Our outlook also includes the following assumptions for the full year 2013: first, capital expenditures of approximately $80 million to $90 million, primarily related to investments in IT, e-commerce, infrastructure and maintenance, which is significantly lower than our prior guidance. 2013 is a year of continued investment in our transformation but given the market dynamics, we've modified this year's CapEx to more closely match last year's investment levels. Depreciation and amortization are approximately $75 million to $80 million; cash contributions to the frozen pension plans of approximately $3 million due to the pension funding stabilization legislation that took effect last summer; pension expense of approximately $3 million; interest expense of approximately $65 million to $69 million and interest income of approximately $42 million to $45 million; and adjusted effective tax rate of approximately 34%; cash flow from operations, excluding merger-related costs, to exceed capital expenditures; a net reduction in retail store count for the year, with 15 to 20 store closures in the U.S., selective relocation and downsizing of existing stores and selective openings of new smaller format concept stores. Additionally, we expect a total of 4 store openings and one store closure in Mexico.

And with that, I'll turn the call back to Ravi.

Ravichandra K. Saligram

Thank you, Bruce. While the first quarter results were below our expectations and economic challenges continue, we're making progress on our strategic plan, driving continued gross margin improvement and proactively reducing cost while building an innovation pipeline and increasing our emphasis on services.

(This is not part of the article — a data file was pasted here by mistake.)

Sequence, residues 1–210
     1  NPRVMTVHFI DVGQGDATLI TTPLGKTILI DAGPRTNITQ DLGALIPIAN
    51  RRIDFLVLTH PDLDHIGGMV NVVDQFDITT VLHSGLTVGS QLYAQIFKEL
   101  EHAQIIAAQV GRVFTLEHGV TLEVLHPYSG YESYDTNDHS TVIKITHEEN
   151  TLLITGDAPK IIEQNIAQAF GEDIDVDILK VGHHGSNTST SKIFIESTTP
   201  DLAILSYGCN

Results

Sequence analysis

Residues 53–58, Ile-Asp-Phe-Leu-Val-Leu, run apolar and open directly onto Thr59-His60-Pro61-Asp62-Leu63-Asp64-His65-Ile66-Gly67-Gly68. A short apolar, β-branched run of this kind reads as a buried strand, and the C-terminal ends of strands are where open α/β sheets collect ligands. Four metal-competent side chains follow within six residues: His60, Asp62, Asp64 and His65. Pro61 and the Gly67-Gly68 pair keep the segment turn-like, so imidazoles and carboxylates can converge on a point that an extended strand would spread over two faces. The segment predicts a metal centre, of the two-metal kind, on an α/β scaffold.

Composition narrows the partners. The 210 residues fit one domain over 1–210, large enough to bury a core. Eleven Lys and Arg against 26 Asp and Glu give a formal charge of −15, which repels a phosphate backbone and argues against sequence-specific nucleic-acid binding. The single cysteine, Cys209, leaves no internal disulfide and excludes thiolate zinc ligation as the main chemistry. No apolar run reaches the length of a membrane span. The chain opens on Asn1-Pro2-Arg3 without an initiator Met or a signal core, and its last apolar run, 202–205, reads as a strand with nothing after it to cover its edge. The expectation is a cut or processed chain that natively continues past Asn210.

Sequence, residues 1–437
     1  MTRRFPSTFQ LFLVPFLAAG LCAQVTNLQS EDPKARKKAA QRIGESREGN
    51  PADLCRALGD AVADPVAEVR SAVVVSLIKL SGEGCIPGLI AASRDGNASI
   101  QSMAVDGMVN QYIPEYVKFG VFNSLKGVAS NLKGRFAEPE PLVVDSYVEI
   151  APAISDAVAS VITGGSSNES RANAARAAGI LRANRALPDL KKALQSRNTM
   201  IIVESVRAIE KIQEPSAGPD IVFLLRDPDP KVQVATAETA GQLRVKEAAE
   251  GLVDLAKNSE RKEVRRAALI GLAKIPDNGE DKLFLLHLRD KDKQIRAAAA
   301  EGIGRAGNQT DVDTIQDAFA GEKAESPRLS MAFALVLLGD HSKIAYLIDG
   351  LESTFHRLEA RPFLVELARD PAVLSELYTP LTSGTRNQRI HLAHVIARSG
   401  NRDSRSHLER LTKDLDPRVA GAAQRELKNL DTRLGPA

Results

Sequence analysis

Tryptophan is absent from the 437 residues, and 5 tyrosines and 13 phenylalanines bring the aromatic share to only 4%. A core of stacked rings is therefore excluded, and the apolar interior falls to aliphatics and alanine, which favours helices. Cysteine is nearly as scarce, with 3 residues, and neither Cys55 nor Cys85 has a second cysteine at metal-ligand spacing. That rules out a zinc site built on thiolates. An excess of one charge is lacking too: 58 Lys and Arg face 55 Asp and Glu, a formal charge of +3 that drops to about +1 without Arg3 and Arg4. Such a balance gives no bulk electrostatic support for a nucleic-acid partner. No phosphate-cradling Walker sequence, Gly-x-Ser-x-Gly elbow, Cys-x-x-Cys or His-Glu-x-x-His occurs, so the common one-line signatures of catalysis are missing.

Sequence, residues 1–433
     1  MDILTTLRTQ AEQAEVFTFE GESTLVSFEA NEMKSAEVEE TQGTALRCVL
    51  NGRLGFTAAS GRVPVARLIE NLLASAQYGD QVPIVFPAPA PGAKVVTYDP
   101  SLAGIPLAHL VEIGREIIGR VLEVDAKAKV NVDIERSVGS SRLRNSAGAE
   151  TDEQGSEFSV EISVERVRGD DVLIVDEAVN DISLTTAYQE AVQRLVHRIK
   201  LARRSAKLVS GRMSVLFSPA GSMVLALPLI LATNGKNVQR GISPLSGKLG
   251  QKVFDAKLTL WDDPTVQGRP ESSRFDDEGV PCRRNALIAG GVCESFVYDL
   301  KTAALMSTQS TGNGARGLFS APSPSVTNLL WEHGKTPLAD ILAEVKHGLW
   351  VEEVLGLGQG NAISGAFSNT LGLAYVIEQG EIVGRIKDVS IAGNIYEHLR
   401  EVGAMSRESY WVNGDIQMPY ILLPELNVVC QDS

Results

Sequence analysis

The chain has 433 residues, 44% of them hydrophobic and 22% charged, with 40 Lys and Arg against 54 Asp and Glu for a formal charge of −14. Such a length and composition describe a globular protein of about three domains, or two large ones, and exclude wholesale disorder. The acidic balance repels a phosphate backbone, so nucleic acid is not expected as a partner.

On the merger front, in early April, we and Office Depot were very pleased to announce several significant milestones in the merger process. First, we passed some key regulatory milestones with the filing of the registration statement on Form S-4 with the U.S. Securities and Exchange Commission. Each company also received the anticipated second request from the FTC. Both companies are responding promptly and continue to work cooperatively with the FTC. We still anticipate the transaction to close by calendar year end, subject to shareholder approval from both companies and other customary regulatory approvals.

Neil Austrian, Chairman and CEO of Office Depot, and I identified the co-chairs for the integration planning process; Bruce Besanko, OfficeMax EVP, CFO; and Mike Newman, Office Depot EVP and CFO. Bruce and Mike are sharing the important task of building an integration team chartered with developing a plan to ensure a smooth and productive transition while capturing the anticipated cost synergies.

Neil and I are staying closely involved and providing overall stewardship and sponsorship of the process. We have a small group of associates engaged in merger integration work, while the vast majority of our team continues to focus on running our independent business.

And finally, the boards of both companies also appointed the CEO selection committee comprised of 3 board members, each, from our respective boards. The selection committee members are overseeing a comprehensive search process that considers Neil and myself, as well as external candidates. The objective remains to select the CEO for the combined company at or prior to transaction close.

As milestones occur, we remain diligent about communicating with our associates. We are frequently hosting town hall meetings, have launched an integration hub on our intranet and are generally increasing the intensity of our communications overall. We view our associates as the most critical assets of the business and are focused on keeping associates engaged and morale strong.

The OfficeMax board and I are committed to addressing important issues for shareholders that impact the merger and are steadfastly working towards making the merger successful. Many of you have heard that Office Depot has received an offer from its joint venture partner, Gigante, to sell its interest in the JV in Mexico, Central America and Columbia.

Under our merger agreement, any such transaction requires our consent. Since the execution of the merger agreement, we've done a great deal of analysis, both independently and with Office Depot, to gain a deeper understanding of the Office Depot joint venture with Gigante, its value and important strategic and non-financial considerations.